What is WES?

The goal of New Dawn Supply Chain is to produce WES software that’s intuitive to use, scales with your business, and adapts to the ever changing demands of today’s fulfillment operations. This allows you to easily add additional automation when you need it to meet tomorrow’s challenges with today’s software.

The acronym WES stands for Warehouse Execution System. In order to understand what that means, we need to look at Warehouse Management Systems (WMS), Warehouse Control Systems (WCS), and how inventory is managed an automated environment.

For further reading, DC Velocity has a great article about the differences between WES, WCS, and WMS here.

Warehouse Management System
WMS manages your inventory, from receiving to order management to shipment. WMS provides visibility to the inventory within a fulfillment center and structures what needs to happen with it.

Warehouse Control System
An automated warehouse has many interconnected sub systems such as: sortation, palletizing, pick to light, print and apply, etc. WCS provides single port connectivity to the higher level systems such as the WMS and communicates with the control layer resident in each of the sub systems.

Warehouse Execution System
As automation systems became more sophisticated, a new generation of WCS software was needed to support the greater functionality of advanced systems. The term WES was created to define and differentiate this newer software from older, less advanced WCS software. A WES includes features typically found in a WMS, so inventory can be more actively managed to ultimately improve task processing performance within the facility. The timeliness and responsiveness of a single system allocating inventory and directing the warehouse automation to act upon it significantly improves the efficiency of the overall system. WES is the software link between the WMS and the Material Handling Equipment (MHE). With controlled access to the warehouse inventory and workers, along with efficient and orchestrated control of the MHE, the ability to adapt to ever changing facility conditions is achievable.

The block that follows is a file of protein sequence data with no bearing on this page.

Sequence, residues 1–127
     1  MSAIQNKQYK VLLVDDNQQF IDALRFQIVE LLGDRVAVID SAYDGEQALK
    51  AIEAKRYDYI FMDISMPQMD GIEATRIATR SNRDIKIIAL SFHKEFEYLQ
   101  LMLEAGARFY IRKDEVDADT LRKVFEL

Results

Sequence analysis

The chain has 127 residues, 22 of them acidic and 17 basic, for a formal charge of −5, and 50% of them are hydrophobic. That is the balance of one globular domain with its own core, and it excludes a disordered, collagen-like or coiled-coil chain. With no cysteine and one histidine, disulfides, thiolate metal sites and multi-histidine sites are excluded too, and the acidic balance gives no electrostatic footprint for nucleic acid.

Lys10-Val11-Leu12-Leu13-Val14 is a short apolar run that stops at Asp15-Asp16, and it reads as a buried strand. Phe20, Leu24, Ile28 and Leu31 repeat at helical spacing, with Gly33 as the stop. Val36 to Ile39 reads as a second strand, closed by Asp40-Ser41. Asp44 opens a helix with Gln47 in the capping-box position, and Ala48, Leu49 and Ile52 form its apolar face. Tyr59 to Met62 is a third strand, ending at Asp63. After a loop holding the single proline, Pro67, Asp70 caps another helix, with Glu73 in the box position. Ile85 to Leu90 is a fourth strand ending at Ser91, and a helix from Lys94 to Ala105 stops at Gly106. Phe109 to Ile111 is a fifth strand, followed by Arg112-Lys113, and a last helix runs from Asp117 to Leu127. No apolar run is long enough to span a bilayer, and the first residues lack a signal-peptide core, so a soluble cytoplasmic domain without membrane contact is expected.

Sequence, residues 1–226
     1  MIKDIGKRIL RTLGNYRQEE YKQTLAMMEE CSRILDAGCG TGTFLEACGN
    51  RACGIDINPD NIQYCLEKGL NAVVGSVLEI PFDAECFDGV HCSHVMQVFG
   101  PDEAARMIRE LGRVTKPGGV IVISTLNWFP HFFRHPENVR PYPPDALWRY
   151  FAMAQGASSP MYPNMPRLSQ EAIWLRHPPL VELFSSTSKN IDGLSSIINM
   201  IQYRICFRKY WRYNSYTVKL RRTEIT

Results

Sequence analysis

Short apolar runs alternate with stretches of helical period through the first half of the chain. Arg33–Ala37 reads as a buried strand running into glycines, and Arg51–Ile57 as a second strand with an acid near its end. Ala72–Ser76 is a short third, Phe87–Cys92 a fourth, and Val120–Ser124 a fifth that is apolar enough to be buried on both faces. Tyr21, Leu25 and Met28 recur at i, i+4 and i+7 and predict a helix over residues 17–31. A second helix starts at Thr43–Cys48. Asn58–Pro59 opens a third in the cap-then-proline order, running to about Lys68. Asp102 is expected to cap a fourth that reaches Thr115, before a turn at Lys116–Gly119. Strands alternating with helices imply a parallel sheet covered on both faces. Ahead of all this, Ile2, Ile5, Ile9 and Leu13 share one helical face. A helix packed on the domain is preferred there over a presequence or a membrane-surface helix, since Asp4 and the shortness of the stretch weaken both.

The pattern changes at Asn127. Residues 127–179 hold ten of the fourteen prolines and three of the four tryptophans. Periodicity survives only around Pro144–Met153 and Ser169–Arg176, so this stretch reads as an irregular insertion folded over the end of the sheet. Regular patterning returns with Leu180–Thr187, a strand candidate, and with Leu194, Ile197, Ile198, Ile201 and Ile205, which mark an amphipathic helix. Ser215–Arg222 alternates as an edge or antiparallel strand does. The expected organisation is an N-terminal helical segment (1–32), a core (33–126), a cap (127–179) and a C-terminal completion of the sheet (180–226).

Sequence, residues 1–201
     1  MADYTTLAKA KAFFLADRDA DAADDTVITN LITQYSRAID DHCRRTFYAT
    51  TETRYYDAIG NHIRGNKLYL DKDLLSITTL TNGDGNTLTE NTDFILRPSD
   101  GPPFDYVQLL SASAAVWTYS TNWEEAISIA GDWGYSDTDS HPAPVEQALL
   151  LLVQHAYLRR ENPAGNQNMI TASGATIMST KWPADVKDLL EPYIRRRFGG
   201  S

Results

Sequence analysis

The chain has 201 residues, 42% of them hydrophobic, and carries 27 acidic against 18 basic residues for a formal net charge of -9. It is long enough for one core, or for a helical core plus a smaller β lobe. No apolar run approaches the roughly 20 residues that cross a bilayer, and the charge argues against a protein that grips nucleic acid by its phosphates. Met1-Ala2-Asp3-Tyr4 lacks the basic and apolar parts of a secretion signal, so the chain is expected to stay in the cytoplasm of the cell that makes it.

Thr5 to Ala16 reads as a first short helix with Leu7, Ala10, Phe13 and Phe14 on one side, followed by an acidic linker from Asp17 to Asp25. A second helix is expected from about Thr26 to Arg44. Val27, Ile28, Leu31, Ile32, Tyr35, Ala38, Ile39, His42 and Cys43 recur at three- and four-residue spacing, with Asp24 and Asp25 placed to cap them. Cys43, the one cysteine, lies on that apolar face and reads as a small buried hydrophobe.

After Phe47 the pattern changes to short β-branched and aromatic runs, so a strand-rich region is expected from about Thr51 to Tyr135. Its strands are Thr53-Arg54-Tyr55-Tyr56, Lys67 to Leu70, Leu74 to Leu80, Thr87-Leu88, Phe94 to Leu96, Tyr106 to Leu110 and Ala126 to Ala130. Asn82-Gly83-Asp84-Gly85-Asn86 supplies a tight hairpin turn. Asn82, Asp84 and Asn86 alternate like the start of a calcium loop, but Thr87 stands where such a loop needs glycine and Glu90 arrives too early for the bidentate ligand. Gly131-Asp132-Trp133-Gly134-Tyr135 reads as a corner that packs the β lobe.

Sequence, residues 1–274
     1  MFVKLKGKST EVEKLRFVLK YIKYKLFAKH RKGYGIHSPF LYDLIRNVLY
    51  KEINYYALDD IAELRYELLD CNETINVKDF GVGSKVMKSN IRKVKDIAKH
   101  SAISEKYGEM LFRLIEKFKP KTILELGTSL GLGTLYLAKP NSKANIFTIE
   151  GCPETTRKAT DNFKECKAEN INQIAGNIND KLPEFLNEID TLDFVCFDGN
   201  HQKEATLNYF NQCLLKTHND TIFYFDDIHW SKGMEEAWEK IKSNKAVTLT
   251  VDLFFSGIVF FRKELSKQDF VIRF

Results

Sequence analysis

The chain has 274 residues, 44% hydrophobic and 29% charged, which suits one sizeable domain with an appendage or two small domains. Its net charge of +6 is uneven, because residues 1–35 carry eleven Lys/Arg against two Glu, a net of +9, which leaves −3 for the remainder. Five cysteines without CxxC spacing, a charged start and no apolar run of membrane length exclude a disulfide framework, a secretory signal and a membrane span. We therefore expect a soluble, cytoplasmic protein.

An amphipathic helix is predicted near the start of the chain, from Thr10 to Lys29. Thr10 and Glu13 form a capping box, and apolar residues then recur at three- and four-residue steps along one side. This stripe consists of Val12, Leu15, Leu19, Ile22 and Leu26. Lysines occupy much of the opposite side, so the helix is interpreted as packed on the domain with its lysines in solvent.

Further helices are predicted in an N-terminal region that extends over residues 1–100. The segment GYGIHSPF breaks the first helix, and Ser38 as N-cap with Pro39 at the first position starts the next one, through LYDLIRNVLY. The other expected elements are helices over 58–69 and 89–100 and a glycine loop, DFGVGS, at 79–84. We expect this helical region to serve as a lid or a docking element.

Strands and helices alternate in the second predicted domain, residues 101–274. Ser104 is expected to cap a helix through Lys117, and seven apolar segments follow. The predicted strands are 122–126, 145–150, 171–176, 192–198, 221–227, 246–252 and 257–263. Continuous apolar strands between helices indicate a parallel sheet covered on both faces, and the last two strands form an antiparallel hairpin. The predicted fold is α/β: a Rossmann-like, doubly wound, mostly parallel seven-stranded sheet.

A good modern WES can help coordinate and control functions that would ordinarily require WCS, such as picking system management, packing system management, and sortation. Further, a good modern WES can help on the WMS side as well, coordinating and controlling functions such as labor management, shipping management, and SKU movement around the warehouse.

The Road to WES

How did a need to communicate between WMS and WCS give way to WES?

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